Description : Discusses the development and implementation of community policing in Singapore. Written for other countries so they may solve their own crime problems faster and more successfully using the Singapore pilot project as a guideline. Provides information on how community policing works (staffing, typical foot patrol activity, accountability). Describes ways in which to implement the plans (initial considerations, launching the project, evaluation, expansion). Contains an entire chapter on what America can learn from Singapore's lessons and success.
Description : Community policing has been a buzzword in Anglo-American policing for the last two decades, somewhat vague in its definition but generally considered to be a good thing. In the UK the notion of community policing conveys a consensual policing style, offering an alternative to past public order and crimefighting styles. In the US community policing represents the dominant ideology of policing as reflected in a myriad of urban schemes and funding practices, the new orthodoxy in North American policing policy-making, strategies and tactic. But it has also become a massive export to non-western societies where it has been adopted in many countries, in the face of scant evidence of its appropriateness in very different contexts and surroundings. critical analysis of concept of community policing worldwide assesses evidence for its effectiveness, especially in the USA and UK highlights often inappropriate export of community policing models to failed and transitional societies.
Description : Community-oriented policing (COP) is the ideology and policy model espoused in the mission statements of nearly all policing forces throughout the world. However, the COP philosophy is interpreted differently by different countries and police forces, resulting in practices that may in fact run far afield of the community-based themes of partnership, responsiveness, and transparency. Community Policing: International Patterns and Comparative Perspectives provides a comprehensive survey of purported practices of COP, clarifying the concept and differentiating true COP from other models which follow the ideology in name only. International contributors profile practices in five continents Using a case study approach, this eye-opening discourse reveals and examines contemporary patterns of alleged community policing across five continents. Providing insiders’ insight into the myriad practices in a variety of communities, the authors highlight the fact that policing in the countries profiled is heavily influenced by several factors. No matter how strongly the vision of COP permeates a police force’s mission, the significant factors that influence the policing culture are existing social and cultural traditions and structures, conventional methods already in place, the cultural and ideological language that sustains these practices, the efforts of entrepreneurs to argue for or against new ways of policing, and the social capital base found in the society. Arriving at the conclusion that there is no consensual model of community policing, the detailed analysis in this volume makes this absence of agreement abundantly clear. Separating rhetoric from reality, this illuminating study is a practical, realistic contribution to the expanding literature on community-oriented policing.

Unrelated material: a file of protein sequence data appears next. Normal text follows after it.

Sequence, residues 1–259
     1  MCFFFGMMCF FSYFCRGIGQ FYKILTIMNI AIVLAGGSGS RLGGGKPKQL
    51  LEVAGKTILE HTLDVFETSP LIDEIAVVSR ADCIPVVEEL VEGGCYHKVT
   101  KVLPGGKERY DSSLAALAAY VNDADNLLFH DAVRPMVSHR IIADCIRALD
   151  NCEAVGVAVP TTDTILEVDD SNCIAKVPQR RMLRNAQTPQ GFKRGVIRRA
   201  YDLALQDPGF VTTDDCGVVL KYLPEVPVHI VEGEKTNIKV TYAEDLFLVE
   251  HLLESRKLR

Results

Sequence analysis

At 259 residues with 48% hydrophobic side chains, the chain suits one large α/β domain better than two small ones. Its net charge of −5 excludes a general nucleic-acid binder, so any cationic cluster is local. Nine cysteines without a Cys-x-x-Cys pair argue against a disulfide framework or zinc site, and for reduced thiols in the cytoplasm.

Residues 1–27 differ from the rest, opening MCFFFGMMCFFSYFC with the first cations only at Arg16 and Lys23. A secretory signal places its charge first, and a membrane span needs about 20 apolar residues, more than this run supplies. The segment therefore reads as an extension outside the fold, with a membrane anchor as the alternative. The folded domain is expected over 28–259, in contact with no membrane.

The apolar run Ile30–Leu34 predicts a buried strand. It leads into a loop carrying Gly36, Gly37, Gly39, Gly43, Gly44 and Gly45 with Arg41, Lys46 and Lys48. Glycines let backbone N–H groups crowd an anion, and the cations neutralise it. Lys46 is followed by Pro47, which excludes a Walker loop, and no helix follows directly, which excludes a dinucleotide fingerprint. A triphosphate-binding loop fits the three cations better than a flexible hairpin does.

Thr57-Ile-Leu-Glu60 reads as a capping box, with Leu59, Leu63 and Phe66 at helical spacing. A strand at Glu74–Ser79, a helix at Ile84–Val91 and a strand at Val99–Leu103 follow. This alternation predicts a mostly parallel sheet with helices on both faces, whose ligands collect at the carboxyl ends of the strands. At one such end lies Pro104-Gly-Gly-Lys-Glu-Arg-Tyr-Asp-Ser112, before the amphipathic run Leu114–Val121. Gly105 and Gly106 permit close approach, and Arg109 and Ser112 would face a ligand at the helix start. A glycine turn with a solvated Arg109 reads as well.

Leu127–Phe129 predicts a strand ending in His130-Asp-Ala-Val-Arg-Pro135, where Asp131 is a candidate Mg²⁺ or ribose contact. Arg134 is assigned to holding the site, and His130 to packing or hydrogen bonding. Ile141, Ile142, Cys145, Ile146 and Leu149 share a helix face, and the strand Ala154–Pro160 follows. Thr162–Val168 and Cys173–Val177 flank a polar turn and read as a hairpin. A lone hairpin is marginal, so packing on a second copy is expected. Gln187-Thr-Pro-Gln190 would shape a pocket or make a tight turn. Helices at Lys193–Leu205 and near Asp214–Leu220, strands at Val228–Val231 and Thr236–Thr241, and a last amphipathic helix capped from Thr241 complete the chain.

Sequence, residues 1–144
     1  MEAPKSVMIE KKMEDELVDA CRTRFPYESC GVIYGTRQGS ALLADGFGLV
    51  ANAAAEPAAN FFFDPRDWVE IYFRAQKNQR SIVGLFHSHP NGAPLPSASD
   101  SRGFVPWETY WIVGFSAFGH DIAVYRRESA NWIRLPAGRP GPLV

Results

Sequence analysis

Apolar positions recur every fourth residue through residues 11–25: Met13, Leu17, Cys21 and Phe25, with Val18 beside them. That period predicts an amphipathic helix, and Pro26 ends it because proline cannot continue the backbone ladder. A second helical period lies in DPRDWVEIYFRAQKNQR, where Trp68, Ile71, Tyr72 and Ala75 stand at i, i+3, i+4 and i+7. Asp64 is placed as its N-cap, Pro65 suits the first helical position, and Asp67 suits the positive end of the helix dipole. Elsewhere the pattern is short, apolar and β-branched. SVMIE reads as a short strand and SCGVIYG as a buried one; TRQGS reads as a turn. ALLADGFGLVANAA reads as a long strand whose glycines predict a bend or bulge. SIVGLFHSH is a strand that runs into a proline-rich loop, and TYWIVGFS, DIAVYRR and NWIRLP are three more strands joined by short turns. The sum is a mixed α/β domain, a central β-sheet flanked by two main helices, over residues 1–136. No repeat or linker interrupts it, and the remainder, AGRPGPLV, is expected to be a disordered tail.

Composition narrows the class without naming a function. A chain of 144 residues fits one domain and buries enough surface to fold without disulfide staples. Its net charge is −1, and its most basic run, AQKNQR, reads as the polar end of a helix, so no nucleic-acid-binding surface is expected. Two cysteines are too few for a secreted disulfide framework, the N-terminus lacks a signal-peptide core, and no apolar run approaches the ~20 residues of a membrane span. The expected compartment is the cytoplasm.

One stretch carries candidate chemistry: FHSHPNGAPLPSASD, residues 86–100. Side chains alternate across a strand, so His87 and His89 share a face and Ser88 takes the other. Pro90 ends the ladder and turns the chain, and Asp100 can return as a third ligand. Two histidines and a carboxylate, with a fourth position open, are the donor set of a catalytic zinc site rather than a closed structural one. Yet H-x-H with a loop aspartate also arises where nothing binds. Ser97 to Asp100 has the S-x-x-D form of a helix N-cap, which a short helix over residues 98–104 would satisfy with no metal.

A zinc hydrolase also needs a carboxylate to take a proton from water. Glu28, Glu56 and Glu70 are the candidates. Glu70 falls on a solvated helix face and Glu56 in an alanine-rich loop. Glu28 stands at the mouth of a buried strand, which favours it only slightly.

Description : Focusing throughout on the themes of problem solving and community/police collaboration and partnerships, this comprehensive text provides law enforcement students and police professionals with a career-focused, up-to-the-minute look at effective community policing. After presenting an historical perspective and the philosophy behind the movement, police veteran Linda Miller, renowned Criminal Justice educator Kären Hess and experienced author Christine Hess Orthmann turn to the practical strategies and essential skills needed to implement realistic, workable problem solving within communities today. This sixth edition retains these traditional strengths while adding On the Beat commentary by active police officer Kim Czapar in each chapter. This edition also features expanded coverage of cutting-edge issues in community policing such as community building and development; racial profiling and 9/11 effects; and the need for collaboration of law enforcement at all levels to combat the drug trade. Important Notice: Media content referenced within the product description or the product text may not be available in the ebook version.